No matter what the history, how much the hatred; there is no argument that can even remotely defend forced conversion. Unfortunately, the most inhuman crimes, have been ironically, committed by humankind.
Every once in a while the unfortunate news of crimes against the minority communities come to the fore. Lately, it's been the very disturbing one on, 'missing daughters in Pakistan.' Women, including minor girls from religious minority communities, in Pakistan, continue to be victims of religious violence, hatred and even persecution in Pakistan.
As per the USCIRF Annual Report 2020, "In Hindu, Sikh, Christian communities, young women, often underage, continue to be kidnapped for forced conversion to Islam." The report further puts forward a disturbing statistics. It states that 1000 women are forcibly converted to Islam each year and to make matters worse, local police are often accused of complicity in these cases by failing to investigate properly.
In the Sikh community itself, more than 55 such instances of abductions and forced conversions have reportedly taken place in the past few months. The girls belonging to families of Sikh granthis were abducted and continue to be abducted and forcibly converted to Islam. While last year, the news about the abduction and forced conversion of Jagjit Kaur, daughter of granthi at Nankana Sahib, made it to headlines even in media across the world, several other such cases go unreported or uninvestigated. Recently, yet another incident of abduction of the daughter of the granthi of Sri Panja Sahib, Bulbul Kaur came to light.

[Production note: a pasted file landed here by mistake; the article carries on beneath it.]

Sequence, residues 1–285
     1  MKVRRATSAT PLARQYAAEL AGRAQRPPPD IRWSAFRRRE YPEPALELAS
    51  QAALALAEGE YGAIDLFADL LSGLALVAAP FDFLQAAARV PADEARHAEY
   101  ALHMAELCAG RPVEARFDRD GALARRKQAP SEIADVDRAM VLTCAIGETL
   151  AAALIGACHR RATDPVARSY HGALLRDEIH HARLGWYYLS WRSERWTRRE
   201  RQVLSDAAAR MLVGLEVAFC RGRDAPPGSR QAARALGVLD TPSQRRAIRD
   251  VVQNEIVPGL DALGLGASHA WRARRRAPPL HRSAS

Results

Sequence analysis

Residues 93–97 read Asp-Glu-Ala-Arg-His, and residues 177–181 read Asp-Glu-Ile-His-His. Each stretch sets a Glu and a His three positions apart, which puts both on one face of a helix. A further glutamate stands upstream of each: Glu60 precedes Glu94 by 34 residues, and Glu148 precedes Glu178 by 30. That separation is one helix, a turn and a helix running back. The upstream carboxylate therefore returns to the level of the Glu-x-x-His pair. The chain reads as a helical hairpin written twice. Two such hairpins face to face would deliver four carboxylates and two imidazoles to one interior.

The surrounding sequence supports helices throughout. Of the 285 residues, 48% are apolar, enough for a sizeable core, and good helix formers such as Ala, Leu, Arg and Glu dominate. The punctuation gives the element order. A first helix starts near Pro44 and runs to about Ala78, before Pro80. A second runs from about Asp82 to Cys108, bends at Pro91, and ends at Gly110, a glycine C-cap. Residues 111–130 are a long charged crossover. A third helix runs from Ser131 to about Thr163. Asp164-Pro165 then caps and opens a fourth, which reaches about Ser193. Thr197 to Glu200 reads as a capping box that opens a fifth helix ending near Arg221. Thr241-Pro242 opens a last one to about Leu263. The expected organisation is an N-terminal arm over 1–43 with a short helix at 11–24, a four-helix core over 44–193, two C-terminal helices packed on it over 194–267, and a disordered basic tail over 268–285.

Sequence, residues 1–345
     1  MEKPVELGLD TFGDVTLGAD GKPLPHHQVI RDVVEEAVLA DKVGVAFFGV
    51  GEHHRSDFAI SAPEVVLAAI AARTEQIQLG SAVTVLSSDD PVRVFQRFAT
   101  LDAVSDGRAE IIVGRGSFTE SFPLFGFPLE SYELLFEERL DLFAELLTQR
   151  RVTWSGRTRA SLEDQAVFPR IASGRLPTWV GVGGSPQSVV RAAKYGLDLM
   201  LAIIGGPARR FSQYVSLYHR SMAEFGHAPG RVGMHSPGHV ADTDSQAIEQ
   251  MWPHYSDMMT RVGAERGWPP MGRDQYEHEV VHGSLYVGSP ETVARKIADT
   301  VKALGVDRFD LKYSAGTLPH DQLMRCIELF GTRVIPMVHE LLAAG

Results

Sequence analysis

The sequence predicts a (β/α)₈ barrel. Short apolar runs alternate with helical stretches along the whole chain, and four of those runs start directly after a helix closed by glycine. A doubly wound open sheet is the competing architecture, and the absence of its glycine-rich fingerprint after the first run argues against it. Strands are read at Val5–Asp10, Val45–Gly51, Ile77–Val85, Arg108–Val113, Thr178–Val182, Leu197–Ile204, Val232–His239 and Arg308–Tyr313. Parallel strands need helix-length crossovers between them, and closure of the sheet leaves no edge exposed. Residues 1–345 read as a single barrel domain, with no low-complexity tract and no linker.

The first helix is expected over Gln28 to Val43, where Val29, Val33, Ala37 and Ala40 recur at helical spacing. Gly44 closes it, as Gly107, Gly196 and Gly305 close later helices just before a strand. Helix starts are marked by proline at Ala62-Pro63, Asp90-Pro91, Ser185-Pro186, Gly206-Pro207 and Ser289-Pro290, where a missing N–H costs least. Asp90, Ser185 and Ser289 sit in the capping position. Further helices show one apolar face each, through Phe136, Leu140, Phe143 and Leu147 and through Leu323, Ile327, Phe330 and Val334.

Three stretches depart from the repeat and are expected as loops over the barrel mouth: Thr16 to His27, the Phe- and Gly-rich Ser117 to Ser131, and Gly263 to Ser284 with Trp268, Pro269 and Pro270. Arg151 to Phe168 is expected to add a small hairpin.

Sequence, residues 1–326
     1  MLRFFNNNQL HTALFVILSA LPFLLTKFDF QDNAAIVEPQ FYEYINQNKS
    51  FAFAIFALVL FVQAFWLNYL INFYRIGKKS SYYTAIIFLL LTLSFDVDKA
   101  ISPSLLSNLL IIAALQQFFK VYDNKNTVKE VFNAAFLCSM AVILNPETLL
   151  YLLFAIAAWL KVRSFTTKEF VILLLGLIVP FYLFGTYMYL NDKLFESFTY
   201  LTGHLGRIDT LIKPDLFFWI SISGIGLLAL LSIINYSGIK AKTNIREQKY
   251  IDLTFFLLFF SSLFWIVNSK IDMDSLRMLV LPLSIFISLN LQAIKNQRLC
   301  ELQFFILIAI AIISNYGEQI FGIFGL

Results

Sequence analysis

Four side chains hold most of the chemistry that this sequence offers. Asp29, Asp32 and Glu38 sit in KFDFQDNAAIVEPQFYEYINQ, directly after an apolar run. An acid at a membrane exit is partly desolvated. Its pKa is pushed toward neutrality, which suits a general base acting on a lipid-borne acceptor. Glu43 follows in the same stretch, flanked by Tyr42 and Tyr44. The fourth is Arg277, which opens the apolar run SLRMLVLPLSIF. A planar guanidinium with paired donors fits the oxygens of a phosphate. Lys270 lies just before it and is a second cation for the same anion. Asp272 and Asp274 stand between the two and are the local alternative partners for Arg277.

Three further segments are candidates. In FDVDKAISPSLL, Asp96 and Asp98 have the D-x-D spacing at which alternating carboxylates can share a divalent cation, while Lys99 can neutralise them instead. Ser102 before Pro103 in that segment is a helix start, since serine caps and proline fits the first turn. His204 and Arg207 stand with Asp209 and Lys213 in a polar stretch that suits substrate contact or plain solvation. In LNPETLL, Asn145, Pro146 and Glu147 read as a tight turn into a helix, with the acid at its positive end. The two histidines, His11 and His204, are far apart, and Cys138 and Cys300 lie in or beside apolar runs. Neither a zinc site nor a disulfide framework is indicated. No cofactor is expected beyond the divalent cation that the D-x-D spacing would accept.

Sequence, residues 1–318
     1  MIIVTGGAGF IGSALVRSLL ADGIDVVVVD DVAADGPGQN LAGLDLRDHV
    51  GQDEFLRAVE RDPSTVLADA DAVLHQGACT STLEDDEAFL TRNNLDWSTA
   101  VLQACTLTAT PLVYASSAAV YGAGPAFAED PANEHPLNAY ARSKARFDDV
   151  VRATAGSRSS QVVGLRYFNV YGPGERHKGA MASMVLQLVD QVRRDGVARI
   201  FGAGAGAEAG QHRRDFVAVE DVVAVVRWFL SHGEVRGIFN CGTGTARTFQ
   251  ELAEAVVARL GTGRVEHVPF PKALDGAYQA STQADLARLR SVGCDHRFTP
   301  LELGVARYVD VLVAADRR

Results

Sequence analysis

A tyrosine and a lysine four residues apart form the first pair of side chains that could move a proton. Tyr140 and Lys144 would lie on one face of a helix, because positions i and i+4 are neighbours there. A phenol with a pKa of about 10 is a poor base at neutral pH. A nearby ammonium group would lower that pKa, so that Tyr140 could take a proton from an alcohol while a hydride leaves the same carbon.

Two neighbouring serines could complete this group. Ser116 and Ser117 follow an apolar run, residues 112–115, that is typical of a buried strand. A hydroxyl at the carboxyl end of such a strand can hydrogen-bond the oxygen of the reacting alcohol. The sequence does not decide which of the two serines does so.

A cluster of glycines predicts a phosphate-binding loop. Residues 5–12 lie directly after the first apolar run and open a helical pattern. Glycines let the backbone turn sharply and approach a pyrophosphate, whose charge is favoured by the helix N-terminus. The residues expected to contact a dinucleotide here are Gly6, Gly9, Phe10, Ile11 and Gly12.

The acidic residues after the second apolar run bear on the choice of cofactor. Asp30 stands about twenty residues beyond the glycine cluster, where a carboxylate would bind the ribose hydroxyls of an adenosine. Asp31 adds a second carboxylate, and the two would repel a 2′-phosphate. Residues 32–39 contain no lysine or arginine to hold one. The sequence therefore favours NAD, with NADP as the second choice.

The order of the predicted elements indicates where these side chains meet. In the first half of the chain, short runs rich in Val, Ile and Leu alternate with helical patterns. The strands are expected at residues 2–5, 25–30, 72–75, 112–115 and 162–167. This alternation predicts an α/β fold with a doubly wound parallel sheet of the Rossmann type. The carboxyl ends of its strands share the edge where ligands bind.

The Sikh community is, understandably, deeply disturbed by the incident. Shiromani Akali Dal (Badal) Women Wing, Delhi State organised a candle march on Tuesday with about 50 ladies participating.
Starting at Teen Murti Bhawan and terminating at Pakistan High Commission, New Delhi, the candle march has been one of the silent ways or registering protest and condemnation. Last year too, in September Delhi Sikhs launched massive protests against forced conversions in Pakistan which came to light.
As per reports, in 2017 Pakistani authorities excluded Sikhs from their census. It has also been reported that Sikh population is close to extinction in Pakistan, from 40,000 Sikhs the number has come down to 8000 now.
"This is not the first time we are protesting against the forced conversions in Pakistan," Ranjit Kaur, President, Shiromani Akali Dal (Badal) Women Wing, Delhi State, said. Earlier in January of 2020, Sikh residents led candle march protest at Jamia against CAA-NRC. Speaking of Citizenship Amendment Act, everyone in India has their initial blanks about the Act filled in.
The vicious circle continues
If the CAA has opened a window for close to 3 million Hindus from Pakistani and half a million collectively from other communities, to move to India with their families and get citizenship, then Pakistan has probably relied on a much more disorganized manner of fencing the minority communities. Even at the time, the Bill was subject to nationwide scrutiny in India, political analysts had warned that the CAB would not just lead to even more heightened communal repercussions across the borders but even dent India's secular image in the world.